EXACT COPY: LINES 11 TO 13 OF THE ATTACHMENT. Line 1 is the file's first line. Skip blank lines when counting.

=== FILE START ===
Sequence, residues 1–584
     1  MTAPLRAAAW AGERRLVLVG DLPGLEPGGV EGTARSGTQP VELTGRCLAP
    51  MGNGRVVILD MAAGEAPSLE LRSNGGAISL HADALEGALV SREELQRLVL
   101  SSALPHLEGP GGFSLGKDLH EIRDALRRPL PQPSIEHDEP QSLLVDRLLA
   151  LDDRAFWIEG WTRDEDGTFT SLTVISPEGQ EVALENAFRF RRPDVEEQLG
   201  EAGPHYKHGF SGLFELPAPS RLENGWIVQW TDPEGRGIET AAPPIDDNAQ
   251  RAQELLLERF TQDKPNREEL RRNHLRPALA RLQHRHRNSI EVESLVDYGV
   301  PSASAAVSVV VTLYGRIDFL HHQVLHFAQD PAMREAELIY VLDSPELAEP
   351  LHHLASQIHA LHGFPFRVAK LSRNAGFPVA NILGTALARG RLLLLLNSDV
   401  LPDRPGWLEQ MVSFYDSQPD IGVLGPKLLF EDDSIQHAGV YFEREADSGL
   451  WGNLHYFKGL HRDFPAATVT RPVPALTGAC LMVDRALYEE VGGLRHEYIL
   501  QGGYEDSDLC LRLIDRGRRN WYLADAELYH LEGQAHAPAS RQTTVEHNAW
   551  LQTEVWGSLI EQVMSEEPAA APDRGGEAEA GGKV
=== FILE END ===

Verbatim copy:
   451  WGNLHYFKGL HRDFPAATVT RPVPALTGAC LMVDRALYEE VGGLRHEYIL
   501  QGGYEDSDLC LRLIDRGRRN WYLADAELYH LEGQAHAPAS RQTTVEHNAW
   551  LQTEVWGSLI EQVMSEEPAA APDRGGEAEA GGKV